With my son, we flirted across topics, touching on a number of things, but mostly on shared experiences, things I encountered during my college days, and in life, that he is either now experiencing or will likely experience.  We spoke of people I met, of people he met and how in the course of life it is ours to either act upon those encounters or pass them by.  It was an interesting conversation and in which, with each reflection was the consideration of regrets.  The question about one encounter or another, of any regret not saying hello to the cute girl, not pursuing a particular opportunity, of seeking alternatives when that which lay before us offered itself only to be passed by.

With my sister the conversation was of a similar ilk but rather focused on things like women I met in my life and how I reacted to them.  From college I mentioned Linda, a fellow student who actually lived near where I grew up.  I mentioned how I think there was something unsaid between us, but that we tended not to acknowledge it, waiting for the other to take the next step.  I mentioned Maggie, the lab tech with whom I shared many a conversation and unintentionally created a chasm between her and her then boyfriend.  I spoke of Jane, the pre-vet student who was also a TA for a dairy science class and who ultimately did get accepted to the vet school.  All instances of encounters which may have had a profound impact on my life had I chosen a different course.  I mentioned the woman I’ll call ‘basset hound lady’, a person with an older basset hound dog who needed some help getting him into her truck after a visit to the vet; our eyes met but yet the cultural taboos around telling someone they charmed you without context prevented any further exchanges.  For each, for the total, came the question of regrets, regrets for not taking the next step with Linda or for not asking the basset hound lady if she would like to go for coffee, or perhaps somewhere to eat caramels.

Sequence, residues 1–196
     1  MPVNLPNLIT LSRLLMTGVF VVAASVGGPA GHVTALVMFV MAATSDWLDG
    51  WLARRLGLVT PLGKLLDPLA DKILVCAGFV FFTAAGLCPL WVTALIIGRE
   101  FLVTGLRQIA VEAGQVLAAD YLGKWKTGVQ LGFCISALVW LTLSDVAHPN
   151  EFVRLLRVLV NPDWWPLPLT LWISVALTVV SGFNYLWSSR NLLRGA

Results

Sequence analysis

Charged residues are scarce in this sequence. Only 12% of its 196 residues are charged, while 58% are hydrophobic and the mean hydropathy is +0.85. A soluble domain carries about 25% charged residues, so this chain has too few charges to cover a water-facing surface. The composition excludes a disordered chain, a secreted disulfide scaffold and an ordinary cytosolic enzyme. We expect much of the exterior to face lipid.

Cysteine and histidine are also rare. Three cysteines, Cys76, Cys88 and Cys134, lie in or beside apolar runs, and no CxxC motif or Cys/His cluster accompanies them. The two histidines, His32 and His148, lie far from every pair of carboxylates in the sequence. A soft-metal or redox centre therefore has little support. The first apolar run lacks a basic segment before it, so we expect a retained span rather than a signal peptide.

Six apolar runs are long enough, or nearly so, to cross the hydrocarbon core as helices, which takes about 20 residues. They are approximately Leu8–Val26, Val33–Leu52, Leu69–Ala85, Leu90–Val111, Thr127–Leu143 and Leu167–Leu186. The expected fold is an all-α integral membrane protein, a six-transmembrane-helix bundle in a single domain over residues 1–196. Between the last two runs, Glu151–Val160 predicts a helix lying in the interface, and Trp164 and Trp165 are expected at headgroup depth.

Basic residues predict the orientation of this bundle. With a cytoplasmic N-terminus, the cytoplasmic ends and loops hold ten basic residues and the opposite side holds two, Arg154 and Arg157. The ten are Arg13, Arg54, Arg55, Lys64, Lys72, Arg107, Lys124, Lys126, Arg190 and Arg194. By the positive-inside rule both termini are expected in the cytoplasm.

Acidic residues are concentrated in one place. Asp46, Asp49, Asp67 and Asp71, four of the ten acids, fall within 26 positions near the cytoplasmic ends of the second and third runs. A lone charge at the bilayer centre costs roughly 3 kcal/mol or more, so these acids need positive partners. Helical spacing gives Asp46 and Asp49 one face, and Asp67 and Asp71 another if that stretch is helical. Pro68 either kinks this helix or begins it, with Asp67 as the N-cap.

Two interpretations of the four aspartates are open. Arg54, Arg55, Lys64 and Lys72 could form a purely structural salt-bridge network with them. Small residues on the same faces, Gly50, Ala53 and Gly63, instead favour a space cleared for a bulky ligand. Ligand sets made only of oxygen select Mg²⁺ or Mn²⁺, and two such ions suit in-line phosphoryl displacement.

In each of the cases I reflected and all were answered with the one consistent belief I’ve held to for all my years, the belief that I have no regrets.  Some question the notion of that declaration, that surely I must have a regret, that everyone has at least one regret.  However, for me that is not the case because in my eyes I’ve always tried to live life, to follow a path of meaning and let providence take me as it may for if there is not such a force, if we truly had absolute control over ourselves, life would become a burden weighted down with every minute decision.  For me I’ve always felt I followed the path decisioned on the basis of the best information available and if so done, no decision is a bad decision and no choice will harbor regrets.

Happy reading, happy thoughts and happy trails.

As always, feel free to comment or you may email me at